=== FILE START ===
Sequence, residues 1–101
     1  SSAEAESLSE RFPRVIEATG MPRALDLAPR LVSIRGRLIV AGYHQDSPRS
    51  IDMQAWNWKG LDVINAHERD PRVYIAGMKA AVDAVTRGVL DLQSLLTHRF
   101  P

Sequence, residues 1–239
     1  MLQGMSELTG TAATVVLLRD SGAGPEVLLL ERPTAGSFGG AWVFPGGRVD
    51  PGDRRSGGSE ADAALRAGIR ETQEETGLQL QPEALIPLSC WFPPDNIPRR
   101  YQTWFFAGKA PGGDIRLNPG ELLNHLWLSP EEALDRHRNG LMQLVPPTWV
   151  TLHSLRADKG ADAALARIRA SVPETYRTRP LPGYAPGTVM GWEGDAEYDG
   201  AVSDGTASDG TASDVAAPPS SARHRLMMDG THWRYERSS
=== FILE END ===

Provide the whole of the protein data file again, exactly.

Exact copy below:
Sequence, residues 1–101
     1  SSAEAESLSE RFPRVIEATG MPRALDLAPR LVSIRGRLIV AGYHQDSPRS
    51  IDMQAWNWKG LDVINAHERD PRVYIAGMKA AVDAVTRGVL DLQSLLTHRF
   101  P

Sequence, residues 1–239
     1  MLQGMSELTG TAATVVLLRD SGAGPEVLLL ERPTAGSFGG AWVFPGGRVD
    51  PGDRRSGGSE ADAALRAGIR ETQEETGLQL QPEALIPLSC WFPPDNIPRR
   101  YQTWFFAGKA PGGDIRLNPG ELLNHLWLSP EEALDRHRNG LMQLVPPTWV
   151  TLHSLRADKG ADAALARIRA SVPETYRTRP LPGYAPGTVM GWEGDAEYDG
   201  AVSDGTASDG TASDVAAPPS SARHRLMMDG THWRYERSS